Robert E. Howard's Letters/Correspondence . . .


One of the easiest ways to get to know someone is simply read their mail. Reading the correspondence of famous people is a great way to research their lives, their thoughts, their ideas, etc. Fortunately for us today, the correspondence of Robert E. Howard is easily accessible. That was not always the case. Just a mere two or three decades ago, you had to track down REH's letters, or contact Glenn Lord who had done a tremendous amount of footwork to collect them. Today there are several volumes you can buy that contain these letters. There is a three volume set (the first volume is no longer in print/sold out) that the Robert E. Howard Foundation sells titled The Collected Letters of Robert E. Howard (Volume One: 1923-1929; Volume Two: 1930-1932; Volume Three: 1933-1936). These volumes are edited by Rob Roehm and have introductions by Rusty Burke. If you are going to do any type of serious research on the life of Robert E. Howard then these letters are an absolute necessity. In fact, most professional literary research that is done outside the realm of textual analysis is often times focused on the available correspondence of the person being researched due to historical and personal insights. The second set of books contain letters between Robert E. Howard and H.P. Love Craft. These volumes are titled A Means to Freedom: The Letters of H.P. Lovecraft and Robert E. Howard (Volume One 1930-1932; Volume two 1933-1936). These volumes are edited by S.T. Joshi, David Schultz and Rusty Burke. Now, while REH's letters to H.P. Lovecraft are in the three volume Collected Letters, H.P. Lovecraft's responses are not. This is what makes the two volume set doubly important—you get both sides of the correspondence. However, what makes the three volume Collected Letters so crucial is the fact that it contains letters to all of REH's friends, other writers, publishers, etc. And this is why I own both sets.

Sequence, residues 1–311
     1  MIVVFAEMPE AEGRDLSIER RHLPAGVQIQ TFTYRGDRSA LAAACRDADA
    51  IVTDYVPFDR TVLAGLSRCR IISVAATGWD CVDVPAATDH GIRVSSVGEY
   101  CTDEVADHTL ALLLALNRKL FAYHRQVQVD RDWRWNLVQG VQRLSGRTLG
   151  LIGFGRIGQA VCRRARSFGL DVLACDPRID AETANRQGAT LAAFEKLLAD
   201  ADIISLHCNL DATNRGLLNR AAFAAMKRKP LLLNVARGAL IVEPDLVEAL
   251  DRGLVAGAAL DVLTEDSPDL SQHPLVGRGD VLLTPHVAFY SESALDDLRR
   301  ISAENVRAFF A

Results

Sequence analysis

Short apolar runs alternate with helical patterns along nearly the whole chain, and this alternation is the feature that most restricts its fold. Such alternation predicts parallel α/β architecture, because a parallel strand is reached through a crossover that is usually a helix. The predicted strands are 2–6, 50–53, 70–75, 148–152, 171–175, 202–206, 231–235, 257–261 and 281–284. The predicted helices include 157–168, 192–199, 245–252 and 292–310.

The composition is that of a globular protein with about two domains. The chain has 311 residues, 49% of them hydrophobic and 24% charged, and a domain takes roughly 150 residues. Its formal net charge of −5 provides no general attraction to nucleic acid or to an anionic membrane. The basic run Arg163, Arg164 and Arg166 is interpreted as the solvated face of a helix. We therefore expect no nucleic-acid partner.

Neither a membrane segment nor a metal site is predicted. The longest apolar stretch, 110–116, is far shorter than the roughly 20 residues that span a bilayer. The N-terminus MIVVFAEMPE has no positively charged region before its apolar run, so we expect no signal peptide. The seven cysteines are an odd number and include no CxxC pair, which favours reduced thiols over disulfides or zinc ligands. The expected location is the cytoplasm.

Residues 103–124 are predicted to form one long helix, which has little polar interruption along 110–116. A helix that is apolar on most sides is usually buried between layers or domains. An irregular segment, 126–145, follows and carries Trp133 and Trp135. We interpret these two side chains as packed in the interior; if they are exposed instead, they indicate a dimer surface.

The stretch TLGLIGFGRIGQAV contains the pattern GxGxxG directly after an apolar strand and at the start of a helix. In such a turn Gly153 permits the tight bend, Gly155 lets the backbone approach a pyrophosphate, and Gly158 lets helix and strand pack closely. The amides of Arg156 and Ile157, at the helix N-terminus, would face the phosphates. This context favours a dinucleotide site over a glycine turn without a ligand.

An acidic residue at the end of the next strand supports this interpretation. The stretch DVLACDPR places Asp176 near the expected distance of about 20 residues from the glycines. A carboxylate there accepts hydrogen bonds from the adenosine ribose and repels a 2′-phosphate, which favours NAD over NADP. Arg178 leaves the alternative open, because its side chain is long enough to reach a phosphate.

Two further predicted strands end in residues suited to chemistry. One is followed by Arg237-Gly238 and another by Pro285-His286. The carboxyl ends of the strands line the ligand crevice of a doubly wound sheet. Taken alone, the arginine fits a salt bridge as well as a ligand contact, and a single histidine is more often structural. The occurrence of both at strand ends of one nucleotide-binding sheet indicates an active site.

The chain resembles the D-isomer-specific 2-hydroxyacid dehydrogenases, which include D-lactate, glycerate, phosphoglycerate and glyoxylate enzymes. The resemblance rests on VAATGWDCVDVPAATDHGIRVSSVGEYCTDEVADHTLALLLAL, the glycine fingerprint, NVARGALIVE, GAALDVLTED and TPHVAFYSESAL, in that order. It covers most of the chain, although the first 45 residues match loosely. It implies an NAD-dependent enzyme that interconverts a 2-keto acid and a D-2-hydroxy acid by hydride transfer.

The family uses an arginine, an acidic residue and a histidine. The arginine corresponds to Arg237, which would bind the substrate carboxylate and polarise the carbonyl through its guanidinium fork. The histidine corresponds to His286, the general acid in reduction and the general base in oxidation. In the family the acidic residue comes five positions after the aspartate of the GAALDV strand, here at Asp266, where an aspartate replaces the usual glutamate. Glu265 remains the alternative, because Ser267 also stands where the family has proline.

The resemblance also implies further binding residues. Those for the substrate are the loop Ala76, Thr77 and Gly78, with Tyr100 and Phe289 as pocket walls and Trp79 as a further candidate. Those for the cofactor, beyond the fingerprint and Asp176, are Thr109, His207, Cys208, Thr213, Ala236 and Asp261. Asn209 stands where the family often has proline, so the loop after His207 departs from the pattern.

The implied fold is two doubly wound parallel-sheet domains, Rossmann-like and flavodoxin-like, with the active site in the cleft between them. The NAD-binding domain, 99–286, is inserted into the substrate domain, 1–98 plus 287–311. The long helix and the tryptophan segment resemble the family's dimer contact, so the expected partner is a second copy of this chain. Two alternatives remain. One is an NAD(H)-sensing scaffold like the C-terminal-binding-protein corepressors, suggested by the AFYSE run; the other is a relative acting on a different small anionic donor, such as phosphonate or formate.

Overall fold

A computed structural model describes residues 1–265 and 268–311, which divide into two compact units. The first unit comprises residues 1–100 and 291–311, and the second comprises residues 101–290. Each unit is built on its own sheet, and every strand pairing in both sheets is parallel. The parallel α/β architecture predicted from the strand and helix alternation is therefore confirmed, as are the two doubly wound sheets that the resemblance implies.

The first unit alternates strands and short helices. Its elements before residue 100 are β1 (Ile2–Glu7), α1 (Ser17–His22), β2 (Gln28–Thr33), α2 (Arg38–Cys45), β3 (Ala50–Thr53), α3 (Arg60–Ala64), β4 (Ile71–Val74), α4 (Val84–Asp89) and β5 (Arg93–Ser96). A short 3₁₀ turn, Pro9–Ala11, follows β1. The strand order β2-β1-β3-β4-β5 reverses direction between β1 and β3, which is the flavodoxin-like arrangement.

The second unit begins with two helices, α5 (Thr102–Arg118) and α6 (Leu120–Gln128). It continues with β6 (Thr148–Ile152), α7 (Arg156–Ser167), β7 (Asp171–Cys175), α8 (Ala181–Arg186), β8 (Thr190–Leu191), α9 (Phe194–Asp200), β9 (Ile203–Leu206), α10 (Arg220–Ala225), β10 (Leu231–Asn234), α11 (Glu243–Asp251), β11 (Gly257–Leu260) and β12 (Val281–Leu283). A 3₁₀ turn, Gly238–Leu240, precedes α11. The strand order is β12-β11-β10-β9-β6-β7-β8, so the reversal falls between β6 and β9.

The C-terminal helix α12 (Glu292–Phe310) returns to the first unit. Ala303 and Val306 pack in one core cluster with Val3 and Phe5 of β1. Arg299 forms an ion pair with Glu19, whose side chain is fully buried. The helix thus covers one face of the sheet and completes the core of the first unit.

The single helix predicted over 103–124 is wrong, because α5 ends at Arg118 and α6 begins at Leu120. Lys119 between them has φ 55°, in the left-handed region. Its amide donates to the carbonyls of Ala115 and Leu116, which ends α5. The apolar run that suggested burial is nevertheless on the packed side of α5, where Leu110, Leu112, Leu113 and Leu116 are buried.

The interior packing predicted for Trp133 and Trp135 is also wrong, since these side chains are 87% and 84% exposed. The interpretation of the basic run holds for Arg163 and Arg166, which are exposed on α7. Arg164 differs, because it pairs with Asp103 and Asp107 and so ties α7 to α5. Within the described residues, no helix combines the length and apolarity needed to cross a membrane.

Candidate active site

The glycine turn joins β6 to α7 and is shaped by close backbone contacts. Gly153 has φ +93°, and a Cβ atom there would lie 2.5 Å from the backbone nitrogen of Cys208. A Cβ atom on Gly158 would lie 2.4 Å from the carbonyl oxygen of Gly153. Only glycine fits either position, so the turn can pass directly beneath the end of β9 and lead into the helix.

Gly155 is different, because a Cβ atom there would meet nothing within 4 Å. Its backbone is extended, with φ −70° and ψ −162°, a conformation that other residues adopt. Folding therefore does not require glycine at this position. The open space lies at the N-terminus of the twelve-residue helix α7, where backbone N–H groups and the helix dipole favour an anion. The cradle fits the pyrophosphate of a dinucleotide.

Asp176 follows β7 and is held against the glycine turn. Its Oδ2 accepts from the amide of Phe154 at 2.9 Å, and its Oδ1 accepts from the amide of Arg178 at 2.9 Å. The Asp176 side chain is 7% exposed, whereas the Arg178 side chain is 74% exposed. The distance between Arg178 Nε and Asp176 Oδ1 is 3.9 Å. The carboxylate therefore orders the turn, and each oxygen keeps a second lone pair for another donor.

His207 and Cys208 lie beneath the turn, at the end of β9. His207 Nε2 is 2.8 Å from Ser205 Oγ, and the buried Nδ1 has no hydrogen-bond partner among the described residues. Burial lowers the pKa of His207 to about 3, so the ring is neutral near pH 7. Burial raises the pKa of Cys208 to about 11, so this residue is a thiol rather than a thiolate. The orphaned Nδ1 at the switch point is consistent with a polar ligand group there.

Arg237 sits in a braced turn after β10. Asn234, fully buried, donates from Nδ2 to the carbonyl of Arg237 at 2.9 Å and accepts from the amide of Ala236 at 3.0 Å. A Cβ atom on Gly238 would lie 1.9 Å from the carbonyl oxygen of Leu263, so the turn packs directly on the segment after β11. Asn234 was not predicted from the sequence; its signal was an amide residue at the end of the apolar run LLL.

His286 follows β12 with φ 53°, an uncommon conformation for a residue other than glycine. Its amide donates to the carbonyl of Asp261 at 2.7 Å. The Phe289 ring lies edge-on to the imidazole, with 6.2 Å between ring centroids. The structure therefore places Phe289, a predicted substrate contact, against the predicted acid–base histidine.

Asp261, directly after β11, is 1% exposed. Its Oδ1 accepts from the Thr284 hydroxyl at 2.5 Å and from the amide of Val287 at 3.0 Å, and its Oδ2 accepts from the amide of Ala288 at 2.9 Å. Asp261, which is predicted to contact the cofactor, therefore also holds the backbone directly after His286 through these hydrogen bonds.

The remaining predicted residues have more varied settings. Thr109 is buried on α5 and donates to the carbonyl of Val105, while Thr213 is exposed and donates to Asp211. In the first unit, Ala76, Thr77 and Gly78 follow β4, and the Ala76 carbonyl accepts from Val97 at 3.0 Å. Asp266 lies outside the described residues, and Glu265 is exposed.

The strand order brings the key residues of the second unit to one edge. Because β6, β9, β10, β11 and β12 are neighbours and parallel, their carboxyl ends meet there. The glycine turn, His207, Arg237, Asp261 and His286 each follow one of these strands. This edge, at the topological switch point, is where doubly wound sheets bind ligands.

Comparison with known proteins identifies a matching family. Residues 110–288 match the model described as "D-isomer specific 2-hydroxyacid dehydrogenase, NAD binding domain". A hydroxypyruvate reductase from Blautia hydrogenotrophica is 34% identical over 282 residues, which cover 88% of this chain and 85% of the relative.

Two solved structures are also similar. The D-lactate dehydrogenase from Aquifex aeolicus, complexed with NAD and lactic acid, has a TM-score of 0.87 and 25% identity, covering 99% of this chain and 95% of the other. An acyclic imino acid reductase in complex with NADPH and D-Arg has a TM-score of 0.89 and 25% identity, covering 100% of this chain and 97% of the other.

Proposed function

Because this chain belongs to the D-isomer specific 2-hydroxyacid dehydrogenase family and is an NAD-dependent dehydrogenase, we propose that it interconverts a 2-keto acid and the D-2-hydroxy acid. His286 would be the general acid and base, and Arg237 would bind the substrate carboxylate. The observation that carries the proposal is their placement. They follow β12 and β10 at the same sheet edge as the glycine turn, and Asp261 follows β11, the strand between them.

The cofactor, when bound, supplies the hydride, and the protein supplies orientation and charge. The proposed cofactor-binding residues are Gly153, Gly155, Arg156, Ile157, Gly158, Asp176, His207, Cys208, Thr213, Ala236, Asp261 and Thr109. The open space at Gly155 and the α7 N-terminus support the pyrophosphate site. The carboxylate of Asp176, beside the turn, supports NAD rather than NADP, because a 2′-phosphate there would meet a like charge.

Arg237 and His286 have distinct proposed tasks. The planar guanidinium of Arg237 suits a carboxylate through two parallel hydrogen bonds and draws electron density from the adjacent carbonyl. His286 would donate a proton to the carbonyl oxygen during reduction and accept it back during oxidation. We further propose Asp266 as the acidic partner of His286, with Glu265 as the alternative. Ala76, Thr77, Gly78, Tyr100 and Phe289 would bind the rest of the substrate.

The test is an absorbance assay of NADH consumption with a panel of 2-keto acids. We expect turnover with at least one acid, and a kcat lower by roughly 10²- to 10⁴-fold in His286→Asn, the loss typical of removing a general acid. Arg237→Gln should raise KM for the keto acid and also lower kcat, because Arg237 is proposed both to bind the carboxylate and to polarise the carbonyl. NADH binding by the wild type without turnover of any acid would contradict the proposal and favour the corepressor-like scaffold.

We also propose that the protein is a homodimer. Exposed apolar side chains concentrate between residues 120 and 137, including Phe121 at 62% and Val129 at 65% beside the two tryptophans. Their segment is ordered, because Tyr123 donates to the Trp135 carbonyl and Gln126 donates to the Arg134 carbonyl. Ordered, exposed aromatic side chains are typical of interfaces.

Robert E. Howard's Poetry . . .

The last of the primary material happens to be some of the hardest material to find, especially since the largest volume ever printed, an 800 plus page volume, titled The Collected Poetry of Robert E. Howard, is no longer in print. And, you have a better chance of winning the lottery than finding a copy of it—believe me I've been looking for that single volume on every available internet avenue for about 6 years now. But, here's some good news! At this past REH Days in Cross Plains, Texas, the REH Foundation announced that a new and updated volume of that work will be released in the near future. In the mean time there are several poetry volumes currently available to any reader/researcher to peruse. The first can be obtained at the Robert E. House and Museum. It is titled A Word from the Outer Dark by Robert E. Howard (edited by Paul Herman). It contains a brief introduction about Howard being a poet and his poetry and 100 poems. Another volume that is currently available at the REH Foundation website is titled A Rhyme of Salem Town and Other Poems. This volume also has a brief introduction by Paul Herman and contains a little more than 100 poems. Robert E. Howard scholar Professor Frank Coffman also has an edited version of Howard's poetry titled Robert E. Howard: Selected Poems. This volume is a whopping 567 pages, has just over 700 poems, and three indexes to easily help you hunt down specific poems (by titled and first lines). But the unique thing about this volume over any other is the fact that Frank Coffman provides commentary, chapter introductions, and Coffman happens to be a first rate scholar of Howard's poetry. One of the main reasons I would certainly recommend Howard's poetry in any given research within REH studies is because they are so rich with history, humor, info about Texas, the historical West, love, self-reflective ideas/thoughts, heroism, and even horror and humor. Howard wrote sonnets, ballads, free verse, rhyme scheme, along with other various forms. So his poetry is a must for any serious researcher.



(More to Come . . .)

2 comments:

Chris Gruber said...

I'm proud that the boxing volumes I have worked on made your list!

T Bryan Vick said...

Well, Chris, your edited Bison Books volume was my intro to Howard's boxing stories, and an important volume, I think.